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Some parents want kids to get more sleep

Rochester, N.Y. - The American Academy of Pediatrics says close to 90 percent of teenagers in the United States aren't getting enough sleep. The Academy said sleep deprivation puts teens at risk for car accidents, depression and weight gain as well as other health issues.

The Academy is recommending that high schools and middle schools adjust their schedules so that teens can start an hour later or no earlier than 8:30 in the morning.

Many local teens and their parents told 13WHAM News that it was a great idea.

Anthony Rodriguez is a football player at Greece Arcadia High School. He said it's exhausting during the school year because he has practice after school, then goes home and does homework and only gets about six hours of sleep a night.

He said sleeping in an hour longer would make him more wide awake so he isn't falling asleep in class.

Lauren Scheggenburger said she often left for school at Churchville-Chili when it was still dark outside. She said there were times she was so tired she could have fallen asleep at the wheel or in class once she got to school.

Her mother Karen said mornings are too hectic and these teens are often skipping breakfast and getting by on too little sleep. She said making the start time later would give families more time in the morning and help teenagers stay focused during the school day.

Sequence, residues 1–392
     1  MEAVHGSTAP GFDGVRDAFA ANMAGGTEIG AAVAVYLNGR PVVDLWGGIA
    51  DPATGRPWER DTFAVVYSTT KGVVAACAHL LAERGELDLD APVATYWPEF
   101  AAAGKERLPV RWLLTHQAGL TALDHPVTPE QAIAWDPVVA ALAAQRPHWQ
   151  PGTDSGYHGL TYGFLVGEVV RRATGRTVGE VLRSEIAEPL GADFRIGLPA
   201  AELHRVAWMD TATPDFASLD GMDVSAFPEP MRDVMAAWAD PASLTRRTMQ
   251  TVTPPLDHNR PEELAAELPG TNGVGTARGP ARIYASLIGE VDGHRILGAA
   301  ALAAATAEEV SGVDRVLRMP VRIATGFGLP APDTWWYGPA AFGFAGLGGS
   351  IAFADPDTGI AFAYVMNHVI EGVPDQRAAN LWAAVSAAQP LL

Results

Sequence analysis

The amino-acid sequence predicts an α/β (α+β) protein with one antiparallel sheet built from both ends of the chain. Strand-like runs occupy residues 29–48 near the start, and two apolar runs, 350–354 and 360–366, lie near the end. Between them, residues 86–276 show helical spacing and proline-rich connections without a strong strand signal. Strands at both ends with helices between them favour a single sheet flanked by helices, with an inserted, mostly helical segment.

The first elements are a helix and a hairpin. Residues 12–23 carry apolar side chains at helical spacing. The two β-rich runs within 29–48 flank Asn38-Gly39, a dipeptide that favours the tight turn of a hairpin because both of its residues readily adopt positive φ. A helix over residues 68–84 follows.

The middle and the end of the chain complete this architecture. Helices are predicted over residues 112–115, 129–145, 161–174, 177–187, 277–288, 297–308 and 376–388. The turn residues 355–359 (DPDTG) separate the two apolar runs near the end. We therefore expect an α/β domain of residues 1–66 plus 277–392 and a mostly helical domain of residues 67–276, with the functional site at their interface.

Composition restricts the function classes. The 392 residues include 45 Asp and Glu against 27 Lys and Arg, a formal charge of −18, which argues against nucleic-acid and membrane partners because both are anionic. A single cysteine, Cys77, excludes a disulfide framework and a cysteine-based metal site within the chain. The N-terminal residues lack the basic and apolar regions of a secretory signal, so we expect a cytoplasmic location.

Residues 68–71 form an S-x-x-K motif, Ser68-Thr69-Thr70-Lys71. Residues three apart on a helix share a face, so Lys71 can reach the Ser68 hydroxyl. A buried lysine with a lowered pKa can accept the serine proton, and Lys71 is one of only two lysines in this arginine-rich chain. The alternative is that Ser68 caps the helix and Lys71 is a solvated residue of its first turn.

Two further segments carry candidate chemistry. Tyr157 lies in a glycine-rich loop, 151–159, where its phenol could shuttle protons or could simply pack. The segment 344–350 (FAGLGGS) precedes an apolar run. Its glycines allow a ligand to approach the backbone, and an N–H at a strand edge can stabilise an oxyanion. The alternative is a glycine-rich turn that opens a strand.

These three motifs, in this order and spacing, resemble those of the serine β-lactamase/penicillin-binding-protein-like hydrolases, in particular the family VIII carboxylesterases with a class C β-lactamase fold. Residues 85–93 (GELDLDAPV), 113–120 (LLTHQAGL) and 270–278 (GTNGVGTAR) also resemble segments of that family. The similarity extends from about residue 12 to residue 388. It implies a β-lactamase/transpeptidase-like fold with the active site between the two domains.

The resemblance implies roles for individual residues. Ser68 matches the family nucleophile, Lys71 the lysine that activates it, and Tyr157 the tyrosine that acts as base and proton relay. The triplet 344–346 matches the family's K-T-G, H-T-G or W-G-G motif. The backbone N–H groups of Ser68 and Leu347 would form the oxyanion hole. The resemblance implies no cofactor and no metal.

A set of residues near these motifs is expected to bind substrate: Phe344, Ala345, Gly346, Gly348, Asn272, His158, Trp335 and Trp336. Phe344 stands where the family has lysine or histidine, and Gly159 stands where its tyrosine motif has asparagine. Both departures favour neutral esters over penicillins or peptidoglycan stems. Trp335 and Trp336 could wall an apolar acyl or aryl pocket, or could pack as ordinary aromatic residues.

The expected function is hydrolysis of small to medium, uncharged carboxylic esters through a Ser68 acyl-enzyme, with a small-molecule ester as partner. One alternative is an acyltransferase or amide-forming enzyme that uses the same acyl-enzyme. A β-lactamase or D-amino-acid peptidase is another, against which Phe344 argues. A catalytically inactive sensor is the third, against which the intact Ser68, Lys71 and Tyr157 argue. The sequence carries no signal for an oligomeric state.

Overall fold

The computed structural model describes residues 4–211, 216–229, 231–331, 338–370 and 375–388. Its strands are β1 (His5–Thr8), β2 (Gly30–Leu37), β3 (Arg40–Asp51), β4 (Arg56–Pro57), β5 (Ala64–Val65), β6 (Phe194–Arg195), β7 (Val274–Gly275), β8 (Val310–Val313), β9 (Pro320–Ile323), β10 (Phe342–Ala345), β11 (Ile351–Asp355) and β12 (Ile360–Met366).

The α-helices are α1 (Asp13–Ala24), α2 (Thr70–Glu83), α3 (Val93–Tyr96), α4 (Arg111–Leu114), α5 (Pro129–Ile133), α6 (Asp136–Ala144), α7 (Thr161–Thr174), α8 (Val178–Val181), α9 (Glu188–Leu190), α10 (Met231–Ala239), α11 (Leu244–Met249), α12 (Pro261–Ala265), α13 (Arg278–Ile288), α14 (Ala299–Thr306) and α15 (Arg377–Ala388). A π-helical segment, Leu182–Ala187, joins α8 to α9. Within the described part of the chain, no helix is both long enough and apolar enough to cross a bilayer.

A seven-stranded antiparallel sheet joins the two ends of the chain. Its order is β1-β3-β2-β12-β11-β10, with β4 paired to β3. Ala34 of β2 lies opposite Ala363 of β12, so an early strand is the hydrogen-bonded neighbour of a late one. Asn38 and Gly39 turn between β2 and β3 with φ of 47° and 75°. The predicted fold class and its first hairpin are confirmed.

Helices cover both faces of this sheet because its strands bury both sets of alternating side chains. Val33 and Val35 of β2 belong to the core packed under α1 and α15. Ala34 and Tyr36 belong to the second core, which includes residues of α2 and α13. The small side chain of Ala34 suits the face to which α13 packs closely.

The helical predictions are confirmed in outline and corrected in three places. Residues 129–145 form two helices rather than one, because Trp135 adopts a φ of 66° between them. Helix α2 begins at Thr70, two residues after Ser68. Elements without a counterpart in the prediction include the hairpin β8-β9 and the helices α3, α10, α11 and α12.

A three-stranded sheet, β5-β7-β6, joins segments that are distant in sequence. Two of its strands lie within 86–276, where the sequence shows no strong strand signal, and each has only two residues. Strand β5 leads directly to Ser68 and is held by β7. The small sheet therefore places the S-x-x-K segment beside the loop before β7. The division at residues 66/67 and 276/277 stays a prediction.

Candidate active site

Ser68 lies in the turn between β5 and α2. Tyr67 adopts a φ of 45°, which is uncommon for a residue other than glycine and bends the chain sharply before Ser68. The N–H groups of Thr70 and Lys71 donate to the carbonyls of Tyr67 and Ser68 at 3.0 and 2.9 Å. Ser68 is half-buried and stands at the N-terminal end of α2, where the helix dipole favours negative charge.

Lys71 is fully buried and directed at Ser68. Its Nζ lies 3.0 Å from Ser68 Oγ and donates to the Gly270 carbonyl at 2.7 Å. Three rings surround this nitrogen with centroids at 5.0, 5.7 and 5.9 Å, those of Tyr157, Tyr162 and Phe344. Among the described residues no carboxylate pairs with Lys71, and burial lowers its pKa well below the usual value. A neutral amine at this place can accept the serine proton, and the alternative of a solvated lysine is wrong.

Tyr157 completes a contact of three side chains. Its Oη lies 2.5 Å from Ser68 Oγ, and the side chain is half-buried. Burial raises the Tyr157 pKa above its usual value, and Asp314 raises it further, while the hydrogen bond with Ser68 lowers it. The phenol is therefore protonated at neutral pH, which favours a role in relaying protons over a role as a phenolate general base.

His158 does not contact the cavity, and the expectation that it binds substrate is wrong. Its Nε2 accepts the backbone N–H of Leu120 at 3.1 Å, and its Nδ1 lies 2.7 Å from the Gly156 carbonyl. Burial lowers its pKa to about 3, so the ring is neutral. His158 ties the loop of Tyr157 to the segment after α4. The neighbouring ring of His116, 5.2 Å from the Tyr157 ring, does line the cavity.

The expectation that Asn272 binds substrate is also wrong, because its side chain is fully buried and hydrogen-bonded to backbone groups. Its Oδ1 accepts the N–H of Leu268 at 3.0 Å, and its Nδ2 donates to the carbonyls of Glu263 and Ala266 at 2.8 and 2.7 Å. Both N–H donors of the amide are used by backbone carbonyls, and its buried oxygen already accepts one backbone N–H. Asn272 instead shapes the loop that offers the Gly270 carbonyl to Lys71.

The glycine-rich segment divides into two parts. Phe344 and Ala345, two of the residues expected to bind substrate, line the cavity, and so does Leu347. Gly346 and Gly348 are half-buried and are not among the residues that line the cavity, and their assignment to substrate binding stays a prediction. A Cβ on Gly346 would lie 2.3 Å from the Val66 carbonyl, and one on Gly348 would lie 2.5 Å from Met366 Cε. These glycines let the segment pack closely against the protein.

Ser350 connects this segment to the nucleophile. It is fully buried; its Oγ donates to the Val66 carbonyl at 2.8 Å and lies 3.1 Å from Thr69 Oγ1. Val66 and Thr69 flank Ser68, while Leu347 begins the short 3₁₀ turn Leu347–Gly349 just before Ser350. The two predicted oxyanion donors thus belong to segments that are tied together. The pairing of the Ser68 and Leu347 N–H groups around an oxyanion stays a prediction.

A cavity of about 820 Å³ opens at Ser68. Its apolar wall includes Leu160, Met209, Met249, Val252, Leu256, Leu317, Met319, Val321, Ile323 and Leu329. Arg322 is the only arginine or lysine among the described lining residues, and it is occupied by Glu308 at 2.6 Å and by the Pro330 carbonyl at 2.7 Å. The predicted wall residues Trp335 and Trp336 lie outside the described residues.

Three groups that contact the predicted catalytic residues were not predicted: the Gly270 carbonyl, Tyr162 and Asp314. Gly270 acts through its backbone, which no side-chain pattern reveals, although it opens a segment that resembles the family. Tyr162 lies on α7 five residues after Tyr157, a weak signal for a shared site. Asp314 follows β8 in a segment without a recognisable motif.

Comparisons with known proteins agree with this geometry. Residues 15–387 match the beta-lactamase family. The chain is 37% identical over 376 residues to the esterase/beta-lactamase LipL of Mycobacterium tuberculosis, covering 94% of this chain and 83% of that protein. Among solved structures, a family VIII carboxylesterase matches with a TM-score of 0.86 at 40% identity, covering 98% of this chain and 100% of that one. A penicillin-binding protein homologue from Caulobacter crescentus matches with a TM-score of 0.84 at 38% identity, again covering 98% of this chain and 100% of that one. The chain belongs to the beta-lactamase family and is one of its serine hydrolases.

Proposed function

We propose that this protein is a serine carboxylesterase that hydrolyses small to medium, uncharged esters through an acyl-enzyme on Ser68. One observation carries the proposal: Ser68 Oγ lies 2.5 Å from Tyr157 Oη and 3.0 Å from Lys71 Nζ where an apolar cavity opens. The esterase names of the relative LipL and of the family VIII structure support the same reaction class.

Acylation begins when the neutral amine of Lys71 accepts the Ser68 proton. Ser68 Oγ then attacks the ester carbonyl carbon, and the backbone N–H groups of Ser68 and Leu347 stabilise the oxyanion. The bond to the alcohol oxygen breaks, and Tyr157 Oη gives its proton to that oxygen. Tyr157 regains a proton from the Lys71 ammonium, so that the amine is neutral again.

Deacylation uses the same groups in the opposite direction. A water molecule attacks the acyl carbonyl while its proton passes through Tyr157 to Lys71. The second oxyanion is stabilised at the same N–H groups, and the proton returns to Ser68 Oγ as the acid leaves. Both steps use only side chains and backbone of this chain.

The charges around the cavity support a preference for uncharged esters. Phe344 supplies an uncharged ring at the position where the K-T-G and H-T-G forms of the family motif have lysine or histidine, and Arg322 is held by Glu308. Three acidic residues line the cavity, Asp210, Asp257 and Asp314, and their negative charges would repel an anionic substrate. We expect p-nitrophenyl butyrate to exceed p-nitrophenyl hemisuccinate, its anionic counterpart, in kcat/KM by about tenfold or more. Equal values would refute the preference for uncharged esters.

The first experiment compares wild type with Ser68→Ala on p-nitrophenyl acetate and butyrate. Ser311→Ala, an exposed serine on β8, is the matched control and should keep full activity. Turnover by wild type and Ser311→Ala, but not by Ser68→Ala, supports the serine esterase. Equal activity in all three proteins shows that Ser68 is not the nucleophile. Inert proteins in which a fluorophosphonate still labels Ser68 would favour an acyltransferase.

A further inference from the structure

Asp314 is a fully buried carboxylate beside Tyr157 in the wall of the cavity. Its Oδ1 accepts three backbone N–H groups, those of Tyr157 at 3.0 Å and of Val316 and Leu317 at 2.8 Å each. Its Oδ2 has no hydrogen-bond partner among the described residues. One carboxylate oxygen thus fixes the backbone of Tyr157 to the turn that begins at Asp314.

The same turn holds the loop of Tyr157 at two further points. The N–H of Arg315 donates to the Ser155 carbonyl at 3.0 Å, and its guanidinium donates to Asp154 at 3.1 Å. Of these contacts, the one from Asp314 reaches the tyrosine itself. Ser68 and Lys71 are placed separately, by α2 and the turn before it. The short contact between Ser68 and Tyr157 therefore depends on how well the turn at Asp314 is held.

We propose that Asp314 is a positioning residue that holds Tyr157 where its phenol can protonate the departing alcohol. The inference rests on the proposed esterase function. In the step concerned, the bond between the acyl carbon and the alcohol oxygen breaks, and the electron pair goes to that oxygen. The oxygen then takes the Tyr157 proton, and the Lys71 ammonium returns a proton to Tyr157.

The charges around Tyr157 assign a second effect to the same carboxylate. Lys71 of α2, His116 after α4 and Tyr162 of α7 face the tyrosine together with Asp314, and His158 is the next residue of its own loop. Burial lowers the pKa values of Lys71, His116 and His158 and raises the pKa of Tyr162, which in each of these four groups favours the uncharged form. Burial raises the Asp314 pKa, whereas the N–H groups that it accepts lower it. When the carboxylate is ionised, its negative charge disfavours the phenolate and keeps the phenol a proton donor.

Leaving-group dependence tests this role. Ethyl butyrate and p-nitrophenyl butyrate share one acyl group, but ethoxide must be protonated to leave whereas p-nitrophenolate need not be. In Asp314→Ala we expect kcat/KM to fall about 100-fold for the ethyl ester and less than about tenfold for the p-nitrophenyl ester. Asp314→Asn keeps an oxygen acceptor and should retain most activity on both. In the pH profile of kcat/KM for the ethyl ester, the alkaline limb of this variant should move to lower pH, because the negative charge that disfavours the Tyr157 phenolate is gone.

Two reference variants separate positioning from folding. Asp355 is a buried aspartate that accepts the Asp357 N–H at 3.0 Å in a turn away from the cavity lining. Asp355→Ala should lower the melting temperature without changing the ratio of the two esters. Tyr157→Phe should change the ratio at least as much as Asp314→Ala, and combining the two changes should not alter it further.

Pediatrician Dr. Edward Lewis said the recommendation makes "total sense." Lewis said kids have busy lives and most don't get the sleep they need. He said some are over-scheduled and many are stressed.

But Lewis said a schedule change like this wouldn't be easy to make, because of things like bus schedules, extra-curricular activities and sports. He said it would essentially push everything back an hour, which could cause issues at the end of the day. Lewis questioned if that would mean teens would be going to bed later, and not really gaining any more sleep.

Karen Beyers is the mother of three sons. She said mornings in her household can be hectic because of the early start time for high school. She said she hopes school will at least try to implement this change to test it out.

Her son Bradley said it would help, especially when teens are trying to focus in the morning at the start of the day.

Some teens told 13WHAM News they try to catch up on sleep on the weekends or on the bus on the way to school, but some admit they sometimes doze off in class because they are simply exhausted.

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Washington Times